Thursday, August 20, 2009

My Personal View on Health Care Reform

For today’s post I have joined a movement of elders, organized by blogger extraordinaire, Ronni Bennett, to explain why health care reform is so necessary. Every discussion of health care reform should begin with a recitation of the facts: the growing number of uninsured, the fact that we spend 16% of GDP on health care compared to 7-9% in Canada and Europe yet have inferior results, the fact that the reform plans being discussed are middle-of-the-road compromises between people who want single-payer and people who want the status quo. This week came word the public option might be dropped. This is dreadful news, capitulation to the powerful insurance companies and evidence their scare tactics may have worked.

Last week I wrote the Chairman of the Senate Finance Committee, after learning the end-of-life clause in the health care reform bill was in trouble: “I am distressed that the Senate Finance Committee has thought of scrapping the end-of-life clause from the health care reform bill. This measure is an excellent initiative and anyone who believes Sarah Palin's description of ‘death panels’ is a nitwit. For once we have a sensible, intelligent president who is leading our country towards necessary health care reform. Apparently the clause in question would enable doctors to spend more time on the important topic of end of life. Getting older folks to think about end of life is sensible, not scary or dangerous. I am 62 and my husband is 71. I welcome the option to discuss end of life every five years if I so desire. Please do not be intimidated!! Maintain this end of life clause!”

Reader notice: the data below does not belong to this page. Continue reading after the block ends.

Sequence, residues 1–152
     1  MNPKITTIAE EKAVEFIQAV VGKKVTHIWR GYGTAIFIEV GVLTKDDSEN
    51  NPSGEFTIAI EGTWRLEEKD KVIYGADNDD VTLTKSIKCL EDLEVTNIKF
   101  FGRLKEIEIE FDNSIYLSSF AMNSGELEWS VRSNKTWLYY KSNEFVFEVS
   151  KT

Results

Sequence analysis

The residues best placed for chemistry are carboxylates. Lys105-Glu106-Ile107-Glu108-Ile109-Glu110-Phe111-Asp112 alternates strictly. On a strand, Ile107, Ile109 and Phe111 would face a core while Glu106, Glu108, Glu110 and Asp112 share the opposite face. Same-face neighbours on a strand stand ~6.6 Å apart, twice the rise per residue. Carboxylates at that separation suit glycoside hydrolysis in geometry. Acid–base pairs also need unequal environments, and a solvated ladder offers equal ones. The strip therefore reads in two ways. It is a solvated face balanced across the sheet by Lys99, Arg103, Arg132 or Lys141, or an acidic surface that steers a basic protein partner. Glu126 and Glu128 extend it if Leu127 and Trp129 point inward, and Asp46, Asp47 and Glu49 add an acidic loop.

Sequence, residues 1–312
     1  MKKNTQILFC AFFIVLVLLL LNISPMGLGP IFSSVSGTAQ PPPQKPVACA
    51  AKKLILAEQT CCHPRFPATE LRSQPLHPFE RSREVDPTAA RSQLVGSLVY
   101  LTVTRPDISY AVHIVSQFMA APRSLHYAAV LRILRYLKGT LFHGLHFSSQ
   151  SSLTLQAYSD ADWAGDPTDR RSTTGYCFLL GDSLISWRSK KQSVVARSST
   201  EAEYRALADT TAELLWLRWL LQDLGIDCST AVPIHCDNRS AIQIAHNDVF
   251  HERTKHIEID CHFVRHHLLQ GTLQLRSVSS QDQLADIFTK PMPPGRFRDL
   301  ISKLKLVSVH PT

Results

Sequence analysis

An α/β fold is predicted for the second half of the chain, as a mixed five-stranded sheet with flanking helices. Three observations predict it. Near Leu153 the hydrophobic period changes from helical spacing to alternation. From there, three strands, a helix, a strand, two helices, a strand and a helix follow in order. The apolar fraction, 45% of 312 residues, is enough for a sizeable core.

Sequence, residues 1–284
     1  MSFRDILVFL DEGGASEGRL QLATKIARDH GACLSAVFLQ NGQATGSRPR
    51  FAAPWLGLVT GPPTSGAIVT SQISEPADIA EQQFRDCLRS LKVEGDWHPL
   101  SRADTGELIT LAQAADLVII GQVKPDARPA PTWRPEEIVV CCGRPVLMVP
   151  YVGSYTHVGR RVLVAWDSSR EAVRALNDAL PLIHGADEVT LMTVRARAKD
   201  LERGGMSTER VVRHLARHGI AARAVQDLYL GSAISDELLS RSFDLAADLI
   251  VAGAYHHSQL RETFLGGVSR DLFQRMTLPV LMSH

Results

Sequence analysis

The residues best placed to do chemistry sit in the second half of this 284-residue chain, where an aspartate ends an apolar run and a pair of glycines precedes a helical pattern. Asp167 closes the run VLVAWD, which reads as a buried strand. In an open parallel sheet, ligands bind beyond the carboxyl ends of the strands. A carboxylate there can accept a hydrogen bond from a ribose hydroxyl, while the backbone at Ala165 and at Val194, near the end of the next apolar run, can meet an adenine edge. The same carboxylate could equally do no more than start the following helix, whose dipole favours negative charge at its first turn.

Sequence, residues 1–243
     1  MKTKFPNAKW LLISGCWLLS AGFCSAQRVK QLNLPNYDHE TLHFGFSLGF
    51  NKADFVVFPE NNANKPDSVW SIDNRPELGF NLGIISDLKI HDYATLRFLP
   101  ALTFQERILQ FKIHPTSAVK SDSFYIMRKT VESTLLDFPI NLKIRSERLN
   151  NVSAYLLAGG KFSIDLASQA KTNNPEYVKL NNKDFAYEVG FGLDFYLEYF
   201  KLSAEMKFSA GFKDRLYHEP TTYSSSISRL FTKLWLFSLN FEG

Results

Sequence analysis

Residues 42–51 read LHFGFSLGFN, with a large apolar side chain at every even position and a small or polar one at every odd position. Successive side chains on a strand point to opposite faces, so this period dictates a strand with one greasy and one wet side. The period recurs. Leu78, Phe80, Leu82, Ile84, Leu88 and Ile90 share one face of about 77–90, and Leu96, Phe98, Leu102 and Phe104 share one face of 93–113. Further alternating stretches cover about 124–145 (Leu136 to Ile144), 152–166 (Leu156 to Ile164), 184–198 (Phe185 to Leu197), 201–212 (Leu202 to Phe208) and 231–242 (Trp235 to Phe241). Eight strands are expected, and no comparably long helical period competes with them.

When my husband Sven and I moved here from Europe, we benefited from free health care. In France I felt confident about doctors, medicine, pharmacy personnel, hospital care. If I had continued to live in Paris, I would have had free care for the rest of my life. Instead, in 1997, I left Europe for Cape Cod and assumed responsibility for my parents, so they would not have to go into nursing homes. They received great medical care from physicians at Outer Cape Health, above. My father had worked for the government, and their Blue Cross Blue Shield Federal policy even reimbursed all meds until the year 2000 when fine print kicked in, creating a co-payment for the meds, but not the medical care! I was able to observe their last years and months – a precious experience, which gave me a new perspective on end of life – and came to appreciate hospice, totally paid by Medicare, which allowed my mother to remain in her own home until her peaceful death at 97.

Upon arriving in the USA, I had taken out a health care policy as a freelance writer. It cost $250/month for the two of us. That rate has gone up at least $100 every year since then. I believe the escalating cost of health care needs to be stopped. I would prefer a single-payer system, like in France, but President Obama obviously did not feel it would get through Congress. His health care reform proposal with public option is the next best thing. We desperately need health care reform in this country. Yesterday the President created a Web site to set the record straight. Please pass this information on to family and friends.